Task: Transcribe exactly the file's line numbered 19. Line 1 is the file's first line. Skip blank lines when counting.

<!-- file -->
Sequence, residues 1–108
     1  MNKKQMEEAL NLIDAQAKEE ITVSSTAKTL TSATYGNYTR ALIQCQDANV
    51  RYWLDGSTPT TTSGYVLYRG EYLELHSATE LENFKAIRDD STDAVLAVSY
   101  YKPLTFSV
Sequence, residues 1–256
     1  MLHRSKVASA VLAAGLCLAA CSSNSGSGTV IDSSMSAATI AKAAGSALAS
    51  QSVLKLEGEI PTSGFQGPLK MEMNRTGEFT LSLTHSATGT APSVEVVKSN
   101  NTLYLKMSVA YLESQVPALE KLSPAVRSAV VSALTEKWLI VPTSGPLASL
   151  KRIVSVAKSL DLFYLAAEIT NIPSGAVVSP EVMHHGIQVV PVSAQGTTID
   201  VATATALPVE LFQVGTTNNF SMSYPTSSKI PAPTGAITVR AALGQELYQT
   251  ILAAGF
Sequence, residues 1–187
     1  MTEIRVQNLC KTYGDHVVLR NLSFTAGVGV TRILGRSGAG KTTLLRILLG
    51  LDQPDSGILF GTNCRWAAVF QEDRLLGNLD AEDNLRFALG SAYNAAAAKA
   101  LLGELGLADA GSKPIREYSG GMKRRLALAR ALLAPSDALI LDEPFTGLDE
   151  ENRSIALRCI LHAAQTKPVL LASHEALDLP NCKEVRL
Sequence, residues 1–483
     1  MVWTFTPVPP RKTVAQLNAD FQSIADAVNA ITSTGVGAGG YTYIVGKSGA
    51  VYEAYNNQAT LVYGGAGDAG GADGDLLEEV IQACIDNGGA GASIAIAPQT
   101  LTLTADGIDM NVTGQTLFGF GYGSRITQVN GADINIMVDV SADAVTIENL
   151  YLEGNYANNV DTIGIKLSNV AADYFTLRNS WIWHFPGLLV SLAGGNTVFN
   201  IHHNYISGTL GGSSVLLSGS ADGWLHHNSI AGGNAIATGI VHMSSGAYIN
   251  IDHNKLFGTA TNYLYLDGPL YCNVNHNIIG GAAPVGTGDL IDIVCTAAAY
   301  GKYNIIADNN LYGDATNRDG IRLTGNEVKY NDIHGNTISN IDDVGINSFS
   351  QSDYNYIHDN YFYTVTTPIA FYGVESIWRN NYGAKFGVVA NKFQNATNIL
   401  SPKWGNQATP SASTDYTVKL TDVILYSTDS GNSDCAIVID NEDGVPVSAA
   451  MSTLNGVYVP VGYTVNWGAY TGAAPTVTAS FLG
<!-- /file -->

    51  VYEAYNNQAT LVYGGAGDAG GADGDLLEEV IQACIDNGGA GASIAIAPQT